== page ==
The downside for reviews at least is because in reality there are two prices for everything. The launch price dictates the initial interest, but subsequent price cuts over time can help drive sales. When we write a review, our thoughts are encapsulated at that specific moment in time, so if the price drops or it goes on sale, sometimes the level of recommendation might be skewed.  In our last review, we experimented with this. We produced a table of AMD vs Intel at price points in the market:

CPU/APU Comparion
AMD Kaveri Amazon Price on 5/27
 
Intel Haswell
    $236
 
i5-4690K
(4C/4T, 88W)
3.5-3.9 GHz
HD 4600
    $214 i5-4590
(4C/4T, 84W)
3.3-3.7 GHz
HD 4600
    $189 i5-4460
(4C/4T, 84W)
3.2-3.4 GHz
HD 4600
    $138 i3-4330
(2C/4T, 54W)
3.5 GHz
HD 4600
3.7-4.0 GHz
512 SPs
A10-7850K
(2M/4T, 95W)
$134    
3.5-3.9 GHz
512 SPs
A10-7800
(2M/4T, 65W)
$131    
3.4-3.8 GHz
384 SPs
A10-7700K
(2M/4T, 95W)
$120 i3-4130
(2C/4T, 54W)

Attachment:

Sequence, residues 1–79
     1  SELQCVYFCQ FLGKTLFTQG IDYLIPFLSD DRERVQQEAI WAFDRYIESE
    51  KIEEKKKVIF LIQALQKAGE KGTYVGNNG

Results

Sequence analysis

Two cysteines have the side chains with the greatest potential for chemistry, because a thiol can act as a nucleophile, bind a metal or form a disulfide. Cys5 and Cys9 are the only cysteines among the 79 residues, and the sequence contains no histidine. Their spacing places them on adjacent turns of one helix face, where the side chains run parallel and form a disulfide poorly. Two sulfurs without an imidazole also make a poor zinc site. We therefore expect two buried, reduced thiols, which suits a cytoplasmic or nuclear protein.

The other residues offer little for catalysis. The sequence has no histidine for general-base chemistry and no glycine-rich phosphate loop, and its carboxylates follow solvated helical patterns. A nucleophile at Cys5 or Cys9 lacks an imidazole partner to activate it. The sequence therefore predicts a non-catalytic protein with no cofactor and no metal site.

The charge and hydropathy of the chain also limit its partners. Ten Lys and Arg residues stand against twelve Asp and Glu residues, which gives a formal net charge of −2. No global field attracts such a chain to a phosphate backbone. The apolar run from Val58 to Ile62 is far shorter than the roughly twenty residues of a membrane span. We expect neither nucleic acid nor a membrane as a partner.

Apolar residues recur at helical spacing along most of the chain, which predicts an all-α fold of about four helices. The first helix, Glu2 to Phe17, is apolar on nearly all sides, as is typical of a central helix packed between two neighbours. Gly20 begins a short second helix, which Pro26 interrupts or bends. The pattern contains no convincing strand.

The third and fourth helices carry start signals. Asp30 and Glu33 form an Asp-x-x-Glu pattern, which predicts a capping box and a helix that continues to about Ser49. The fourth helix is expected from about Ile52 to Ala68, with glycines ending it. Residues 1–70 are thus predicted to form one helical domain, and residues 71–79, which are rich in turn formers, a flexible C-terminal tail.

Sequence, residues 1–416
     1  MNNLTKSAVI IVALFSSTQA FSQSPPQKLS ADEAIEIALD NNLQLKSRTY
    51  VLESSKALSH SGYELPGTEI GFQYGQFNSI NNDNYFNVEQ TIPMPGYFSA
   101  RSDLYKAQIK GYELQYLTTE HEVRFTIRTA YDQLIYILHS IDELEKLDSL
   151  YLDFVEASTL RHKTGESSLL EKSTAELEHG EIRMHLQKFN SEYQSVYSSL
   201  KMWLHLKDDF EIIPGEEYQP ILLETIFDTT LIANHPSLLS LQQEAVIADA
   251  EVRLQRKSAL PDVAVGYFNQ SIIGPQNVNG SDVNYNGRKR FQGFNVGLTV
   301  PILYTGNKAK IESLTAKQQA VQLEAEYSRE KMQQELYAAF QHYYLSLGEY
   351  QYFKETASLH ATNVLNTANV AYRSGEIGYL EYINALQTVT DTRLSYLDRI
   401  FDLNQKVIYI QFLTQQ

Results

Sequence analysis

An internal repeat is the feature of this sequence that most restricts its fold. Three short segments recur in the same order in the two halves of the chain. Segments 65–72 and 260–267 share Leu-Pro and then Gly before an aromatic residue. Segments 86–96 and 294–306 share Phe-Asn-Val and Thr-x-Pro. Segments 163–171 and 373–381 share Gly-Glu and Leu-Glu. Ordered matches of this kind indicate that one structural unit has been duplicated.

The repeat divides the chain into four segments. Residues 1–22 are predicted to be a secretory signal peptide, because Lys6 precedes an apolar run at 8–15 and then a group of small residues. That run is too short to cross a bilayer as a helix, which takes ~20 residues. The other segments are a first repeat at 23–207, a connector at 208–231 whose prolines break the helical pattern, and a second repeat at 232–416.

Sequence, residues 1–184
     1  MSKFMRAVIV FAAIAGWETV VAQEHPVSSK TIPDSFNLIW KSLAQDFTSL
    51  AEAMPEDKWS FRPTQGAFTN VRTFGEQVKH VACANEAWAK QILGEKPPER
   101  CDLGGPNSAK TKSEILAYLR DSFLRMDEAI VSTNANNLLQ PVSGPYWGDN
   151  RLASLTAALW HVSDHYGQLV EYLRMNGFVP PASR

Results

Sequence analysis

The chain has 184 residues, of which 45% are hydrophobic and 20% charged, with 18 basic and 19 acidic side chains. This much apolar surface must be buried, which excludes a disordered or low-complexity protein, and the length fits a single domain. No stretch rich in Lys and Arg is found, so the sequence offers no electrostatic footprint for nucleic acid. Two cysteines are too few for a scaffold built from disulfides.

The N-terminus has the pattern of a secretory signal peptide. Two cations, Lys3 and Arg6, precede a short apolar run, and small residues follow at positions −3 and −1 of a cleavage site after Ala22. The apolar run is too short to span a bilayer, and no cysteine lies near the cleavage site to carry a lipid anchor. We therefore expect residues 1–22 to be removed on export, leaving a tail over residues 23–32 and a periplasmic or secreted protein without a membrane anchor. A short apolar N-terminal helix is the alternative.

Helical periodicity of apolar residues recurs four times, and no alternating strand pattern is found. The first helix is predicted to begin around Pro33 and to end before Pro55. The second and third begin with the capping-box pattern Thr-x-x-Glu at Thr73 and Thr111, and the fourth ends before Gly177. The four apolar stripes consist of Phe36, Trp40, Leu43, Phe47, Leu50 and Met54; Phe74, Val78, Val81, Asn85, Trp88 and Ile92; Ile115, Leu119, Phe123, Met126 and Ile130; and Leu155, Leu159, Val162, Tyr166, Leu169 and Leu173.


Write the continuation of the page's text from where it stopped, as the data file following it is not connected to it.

3.4 GHz
HD 4400
3.3-3.8 GHz
384 SPs
A8-7650K
(2M/4T, 95W)
$104    
    $94 Pentium G3430
(2C/2T, 53W)
3.3 GHz
HD (Haswell)
3.1-3.8 GHz
384 SPs
A8-7600
(2M/4T, 65W)
$89    
3.7-4.0 GHz
No IGP
X4 860K
(2M/4T, 95W)
$85    
    $70 Pentium G3258
(2C/2T, 53W)
3.2 GHz
HD (Haswell)
3.5-3.9 GHz
256 SPs
A6-7400K
(1M/2T, 65W)
$64    
    $44 Celeron G1840
(2C/2T, 53W)
2.8 GHz
HD (Haswell)

This shows what is competing against what specifically at this time frame. One issue to consider is representing this in our benchmarking graphs. In our last review, the A8-7650K, we started quoting the pricing  with the processors. Our graphs are not dynamic, and if we used the current price at the time of review, the later the review is arguably the better the recommendation. In that regard we decided to use the launch price of a product for our graphs to maintain a level of consistency.